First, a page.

This is why I always found the reason some coalition supporters use - that the Conservatives can't be stopped without a merger - to be silly. Of course they can be stopped, it just requires we get our heads of the sand and start marginalization the other two parties as they've marginalized us.

How easy is it to say that the Harper government only cares about Western farmers, and the NDP are beholden to separatist interests? Why can't the Liberals go after urban voters in the West, rural Ontario, and federalists in Quebec, to build our majority? Those are the areas we were kicked out of.

McGuinty has shown that, if we're on the ball about what we're doing, we can win what we need to. Again, he missed the mark on rural voters, and that cost him his majority; but why can't we avoid the same mistake?

All I'm saying is that if the Ontario Liberals can manage to come that close to a majority by hitting the right notes, there's no reason that the Liberal Party of Canada can't do the same if we put effort back into this party.

3 comments:

  1. A view from someone on the outside looking in.

    I think that the folks who stayed home this time around were Conservatives. They pretty much follow the editors of their favourite paper these days and when they didn't endorse their man, simply due to the fact he just wasn't insane enough, basically, well...nowhere to go. But even before the non-endorsement, I had an idea from con commentators at Globe boards and the some Blogging Tories that they were going to sit this one out.

    As for McGuinty, he, himself, is probably one of the biggest liabilities of his own party. Fact is, after the ex-BC premier, Gordon Campbell and our ol' Johnny-boy Charest, McGuinty is probably amongst the top hated premiers in recent years. Folks are basically tired of him. Like most politicians, he didn't/doesn't know the meaning of quit while you're ahead, or in his case, behind. Perhaps he should've taken a cue from Danny Williams. If he were even likeable still, he'd have a majority and more would've turned out to vote for his candidates, perhaps, even.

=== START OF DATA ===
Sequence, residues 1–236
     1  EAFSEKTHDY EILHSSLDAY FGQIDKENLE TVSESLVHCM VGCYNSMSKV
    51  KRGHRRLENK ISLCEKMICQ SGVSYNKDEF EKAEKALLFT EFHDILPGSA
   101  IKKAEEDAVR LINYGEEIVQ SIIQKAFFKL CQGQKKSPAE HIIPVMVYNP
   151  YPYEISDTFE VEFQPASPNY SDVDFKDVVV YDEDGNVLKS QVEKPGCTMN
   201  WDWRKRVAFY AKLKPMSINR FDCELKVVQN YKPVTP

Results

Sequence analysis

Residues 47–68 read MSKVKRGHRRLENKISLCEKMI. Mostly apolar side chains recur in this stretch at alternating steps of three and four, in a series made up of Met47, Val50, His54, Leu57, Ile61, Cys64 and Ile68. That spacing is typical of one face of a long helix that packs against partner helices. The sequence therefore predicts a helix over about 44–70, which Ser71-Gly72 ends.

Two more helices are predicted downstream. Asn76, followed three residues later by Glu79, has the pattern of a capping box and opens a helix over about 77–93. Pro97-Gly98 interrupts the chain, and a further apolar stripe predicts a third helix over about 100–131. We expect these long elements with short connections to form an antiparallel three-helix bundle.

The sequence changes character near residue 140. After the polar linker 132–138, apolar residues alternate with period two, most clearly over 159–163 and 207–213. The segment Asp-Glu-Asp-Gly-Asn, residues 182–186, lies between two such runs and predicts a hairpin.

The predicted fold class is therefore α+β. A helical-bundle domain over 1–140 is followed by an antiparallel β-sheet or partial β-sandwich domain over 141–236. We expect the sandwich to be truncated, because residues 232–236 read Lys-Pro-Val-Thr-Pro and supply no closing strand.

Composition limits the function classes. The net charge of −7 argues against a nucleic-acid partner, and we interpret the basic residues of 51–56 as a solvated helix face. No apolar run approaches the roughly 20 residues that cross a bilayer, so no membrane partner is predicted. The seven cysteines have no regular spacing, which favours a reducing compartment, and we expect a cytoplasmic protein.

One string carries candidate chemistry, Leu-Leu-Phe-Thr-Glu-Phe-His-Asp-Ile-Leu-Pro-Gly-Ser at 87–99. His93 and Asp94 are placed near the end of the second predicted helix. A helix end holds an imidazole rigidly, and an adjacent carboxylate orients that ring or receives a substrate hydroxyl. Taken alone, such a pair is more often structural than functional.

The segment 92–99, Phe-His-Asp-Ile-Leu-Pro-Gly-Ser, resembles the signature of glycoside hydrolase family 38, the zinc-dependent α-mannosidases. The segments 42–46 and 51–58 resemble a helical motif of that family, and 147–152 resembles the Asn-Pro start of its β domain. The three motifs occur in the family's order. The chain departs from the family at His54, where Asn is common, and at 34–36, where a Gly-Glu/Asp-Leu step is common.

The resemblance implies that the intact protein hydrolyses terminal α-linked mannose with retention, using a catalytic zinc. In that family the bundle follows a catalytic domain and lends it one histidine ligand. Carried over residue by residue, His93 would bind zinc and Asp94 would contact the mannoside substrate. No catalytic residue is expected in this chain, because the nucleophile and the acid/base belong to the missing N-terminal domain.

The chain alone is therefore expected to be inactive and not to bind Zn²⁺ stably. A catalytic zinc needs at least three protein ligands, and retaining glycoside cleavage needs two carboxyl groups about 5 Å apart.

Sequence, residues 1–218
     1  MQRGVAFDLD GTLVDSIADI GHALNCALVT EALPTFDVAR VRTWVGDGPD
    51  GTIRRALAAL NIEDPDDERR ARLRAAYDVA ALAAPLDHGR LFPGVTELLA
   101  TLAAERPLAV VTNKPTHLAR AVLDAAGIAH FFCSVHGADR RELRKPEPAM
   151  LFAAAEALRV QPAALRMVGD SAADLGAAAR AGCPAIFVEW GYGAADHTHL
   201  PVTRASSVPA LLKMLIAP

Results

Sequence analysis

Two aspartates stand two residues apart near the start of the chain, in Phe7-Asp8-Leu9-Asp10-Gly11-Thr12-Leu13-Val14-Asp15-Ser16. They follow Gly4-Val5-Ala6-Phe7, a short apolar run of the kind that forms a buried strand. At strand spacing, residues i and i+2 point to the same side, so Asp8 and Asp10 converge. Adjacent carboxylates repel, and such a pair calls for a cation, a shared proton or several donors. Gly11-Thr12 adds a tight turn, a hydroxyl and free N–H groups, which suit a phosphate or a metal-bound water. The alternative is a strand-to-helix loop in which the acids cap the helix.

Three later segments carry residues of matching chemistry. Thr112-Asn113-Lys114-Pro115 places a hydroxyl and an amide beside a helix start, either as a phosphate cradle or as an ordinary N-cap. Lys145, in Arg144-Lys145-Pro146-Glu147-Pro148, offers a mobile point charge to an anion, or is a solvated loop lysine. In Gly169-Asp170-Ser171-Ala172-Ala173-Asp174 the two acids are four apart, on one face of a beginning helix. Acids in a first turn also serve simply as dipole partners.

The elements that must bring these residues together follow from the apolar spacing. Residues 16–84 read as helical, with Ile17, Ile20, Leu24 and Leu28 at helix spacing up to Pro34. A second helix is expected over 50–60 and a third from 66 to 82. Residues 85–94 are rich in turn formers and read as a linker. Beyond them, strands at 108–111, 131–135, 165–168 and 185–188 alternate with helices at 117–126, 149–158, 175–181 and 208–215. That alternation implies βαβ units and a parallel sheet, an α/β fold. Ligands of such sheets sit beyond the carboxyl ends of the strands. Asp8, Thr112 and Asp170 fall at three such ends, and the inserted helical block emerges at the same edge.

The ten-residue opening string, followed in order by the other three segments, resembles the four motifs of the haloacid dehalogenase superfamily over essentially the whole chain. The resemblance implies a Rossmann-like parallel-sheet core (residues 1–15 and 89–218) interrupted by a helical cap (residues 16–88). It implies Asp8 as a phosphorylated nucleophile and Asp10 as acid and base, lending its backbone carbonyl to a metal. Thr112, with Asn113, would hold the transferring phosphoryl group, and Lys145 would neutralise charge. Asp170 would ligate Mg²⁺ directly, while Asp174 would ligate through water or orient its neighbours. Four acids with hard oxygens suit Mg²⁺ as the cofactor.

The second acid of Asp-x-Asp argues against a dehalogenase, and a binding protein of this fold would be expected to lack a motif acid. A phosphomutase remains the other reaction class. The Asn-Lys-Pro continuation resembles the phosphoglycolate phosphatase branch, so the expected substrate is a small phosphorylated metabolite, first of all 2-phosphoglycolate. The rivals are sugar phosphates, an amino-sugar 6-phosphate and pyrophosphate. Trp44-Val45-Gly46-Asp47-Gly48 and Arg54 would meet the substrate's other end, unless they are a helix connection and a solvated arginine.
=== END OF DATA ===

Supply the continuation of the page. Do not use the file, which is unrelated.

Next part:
As for Andrea Horwath, she and her party really didn't do as well as many had projected. Weren't the ONDP projected to have about ten more seats than they actually won? Fact is, she ain't no Jack Layton. She never will be. The party may make some gains, she's just wrong leader for it.

    Now the games begin. Given the minority, I wonder how long it'll take before you all go back to the polls? Sounds like Timmy Hudak is ready to go back tomorrow, after reading the Toronto Star today. "We're going to keep him on a very short leash..." He made it sound like he was the only opposition party. Leads me to wonder, Has Horwath already decided to play with team Hudak? Or is this Timmy forgetting the NDP is also in opposition?

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  2. CK,

    I'm unsure whether or not McGuinty has to worry about being brought down by the two stooges there - with 53 seats, all he has to do is get an Opposition member as a Speaker and he ties the entire thing up 53-53, with one Speaker. And since the Speaker has to vote to save the government in all confidence matters...

    In other words, McGuinty basically has a majority government through the Speaker. He also has a majority government given that it seems unlikely the Hudak PCPO will try and force another election, given how this one drained their resources for little gain, and the low level of turnout.

    Teddy,

    I didn't think about that before but, you know, this election I've seen why it is that the OLP likes McGuinty. The man has scruples, "liar" or not. He's got the chops of an excellent leader and despite people's general dislike of him, he can win. Who does that last part remind you of?